The kick and punt return game may be one of the most under-appreciated aspects of football. An elite returner is a key weapon in the battle for field position as he is capable of getting the offense into a short field position with one play. Such is the game changing potential of an elite returner that some special teams coaches will avoid kicking to certain players altogether, more than happy to give up some hidden yardage in exchange for not risking a short field.
Last season, theaverage kickoff return was 22 yards, which ranks a somewhat disappointing 20th in the NFL. The average punt return was 10.9 yards, good enough for an impressive 6th in the league.
Players like Josh Cribbs, Percy Harvin, DeSean Jackson and even the Cowboys' own Patrick Crayton produced electrifying, highlight-reel touchdown returns in the kicking game last year. But is a return man worth spending a draft pick on?
To answer that question, we need to understand the value that an elite returner brings to a team, and I'll use Expected Points Value (read up on the concept of EPV here) to do this.
To understand the value of an elite returner, I'll use the stats of the top 5 kick returners last year and compare them against the NFL average.
Last year, each team returned an average of 62 kicks for 22.6 yards each. To keep things simple, let's assume all kicks were were returned from the goal line, so the average starting field position would be 1st-and-10 on the return teams' own 23 yard line. The EPV for that down and distance is 0.51. The 62 kick returns would result in an average EPV for the kick return game of 31.6.
What I'll do now is take the average yards per kick return for the top five kick returners last year and multiply them with the NFL average 62 kick returns to see what the impact of an elite returner would be.
|Top 5 Kick Returners 2009, min. 25 returns|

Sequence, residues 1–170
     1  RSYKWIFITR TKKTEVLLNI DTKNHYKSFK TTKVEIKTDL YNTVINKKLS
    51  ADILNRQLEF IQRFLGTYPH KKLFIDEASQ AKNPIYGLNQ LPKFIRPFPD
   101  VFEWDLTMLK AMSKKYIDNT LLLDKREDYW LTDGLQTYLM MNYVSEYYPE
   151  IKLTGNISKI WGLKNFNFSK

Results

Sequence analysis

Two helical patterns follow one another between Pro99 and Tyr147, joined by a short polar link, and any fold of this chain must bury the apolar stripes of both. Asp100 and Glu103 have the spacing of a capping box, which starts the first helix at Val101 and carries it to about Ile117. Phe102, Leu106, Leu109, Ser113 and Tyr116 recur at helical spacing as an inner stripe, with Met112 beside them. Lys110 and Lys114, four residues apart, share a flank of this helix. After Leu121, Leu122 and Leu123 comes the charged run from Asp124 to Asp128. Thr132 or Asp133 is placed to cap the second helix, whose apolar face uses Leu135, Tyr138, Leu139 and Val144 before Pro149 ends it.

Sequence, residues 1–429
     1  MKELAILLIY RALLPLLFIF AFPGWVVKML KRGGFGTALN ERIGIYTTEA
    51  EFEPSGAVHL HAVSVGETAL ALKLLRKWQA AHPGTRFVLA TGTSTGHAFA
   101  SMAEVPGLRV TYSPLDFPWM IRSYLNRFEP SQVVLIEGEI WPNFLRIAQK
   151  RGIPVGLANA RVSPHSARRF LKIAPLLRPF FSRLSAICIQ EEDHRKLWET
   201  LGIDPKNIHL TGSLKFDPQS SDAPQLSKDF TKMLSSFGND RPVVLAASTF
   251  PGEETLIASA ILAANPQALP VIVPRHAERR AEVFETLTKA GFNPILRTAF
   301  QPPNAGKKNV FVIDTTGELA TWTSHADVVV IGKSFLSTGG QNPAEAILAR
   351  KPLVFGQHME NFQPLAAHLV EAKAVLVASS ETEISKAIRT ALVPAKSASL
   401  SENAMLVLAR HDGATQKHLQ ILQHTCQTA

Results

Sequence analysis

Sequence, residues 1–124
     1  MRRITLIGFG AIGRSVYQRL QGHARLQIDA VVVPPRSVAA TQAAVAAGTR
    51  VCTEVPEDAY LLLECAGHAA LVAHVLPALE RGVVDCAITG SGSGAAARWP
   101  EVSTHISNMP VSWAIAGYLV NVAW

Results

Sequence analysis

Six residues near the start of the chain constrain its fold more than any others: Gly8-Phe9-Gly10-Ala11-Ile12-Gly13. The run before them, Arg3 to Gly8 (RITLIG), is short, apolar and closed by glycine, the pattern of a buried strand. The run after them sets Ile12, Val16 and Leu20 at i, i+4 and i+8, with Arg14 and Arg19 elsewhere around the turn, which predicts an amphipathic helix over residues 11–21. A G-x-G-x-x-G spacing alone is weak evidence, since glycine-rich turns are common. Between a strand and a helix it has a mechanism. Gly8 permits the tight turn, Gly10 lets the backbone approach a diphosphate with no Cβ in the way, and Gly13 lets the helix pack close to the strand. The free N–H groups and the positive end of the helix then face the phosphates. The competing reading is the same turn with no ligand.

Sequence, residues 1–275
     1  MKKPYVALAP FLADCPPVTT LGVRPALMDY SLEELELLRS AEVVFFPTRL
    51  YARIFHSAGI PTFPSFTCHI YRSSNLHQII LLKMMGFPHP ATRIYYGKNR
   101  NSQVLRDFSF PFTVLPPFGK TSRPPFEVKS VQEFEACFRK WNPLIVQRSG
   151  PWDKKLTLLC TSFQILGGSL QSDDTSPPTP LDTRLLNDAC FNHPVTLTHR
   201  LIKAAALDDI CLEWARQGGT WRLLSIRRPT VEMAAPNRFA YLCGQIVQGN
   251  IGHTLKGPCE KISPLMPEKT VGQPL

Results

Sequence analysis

||Yards per kick return||Avg. starting field position
For those unfamiliar with EPV, think of it simply as the average Expected Points that a team would make from a given down-and-distance. In the table above, the six yard difference between Smith and Knox and the NFL average may not sound like a lot. However, if you think about it in more traditional terms, this could be one less first down required to score. In terms of EPV, those six extra yards per return translate into 24 extra points over the course of a season.
Just for perspective, the total EPV value of DeMarcus Ware's sacks last year was 22.1 and the total EPV value of Dallas' interceptions was 33.0. The return game with the same game-changing potential as sacks and interceptions? I've got to admit, even I was was surprised by the numbers.
Again, I'll use the top five punt returners from last year and compare them against the NFL average (37 punts, 8.5 yards per return) and I'll assume all punts are returned from the 20 yard line.
|Top 5 Punt Returners 2009, min. 20 returns|
||Yards per punt return||Avg. starting field position
An elite punt returner can add up the 10 Expected Points over the course of the season. Obviously, you won't see these exact numbers come true on the field, but as a means of determining the value of an elite return game, I believe they prove a point. If your kickoff and punt return game can result in an average of more than 30 extra points over the course of a season, the chances are good that you could win perhaps 2-3 more games than with an average return game.
Luckily for the Cowboys, Patrick Crayton came through and had an outstanding season as a punt returner last year. But as Raf pointed out, Crayton isn't getting any younger and isn't the fastest guy on the block.
The Cowboys already have an excellent kickoff and punting game. What they are still missing is The Return Man - an elusive speedster with exceptional quickness, great hands and cutback ability. In short, a game changer capable of scoring or creating short field positions every time he touches the ball. Is that guy already on the roster, or do we need to draft one?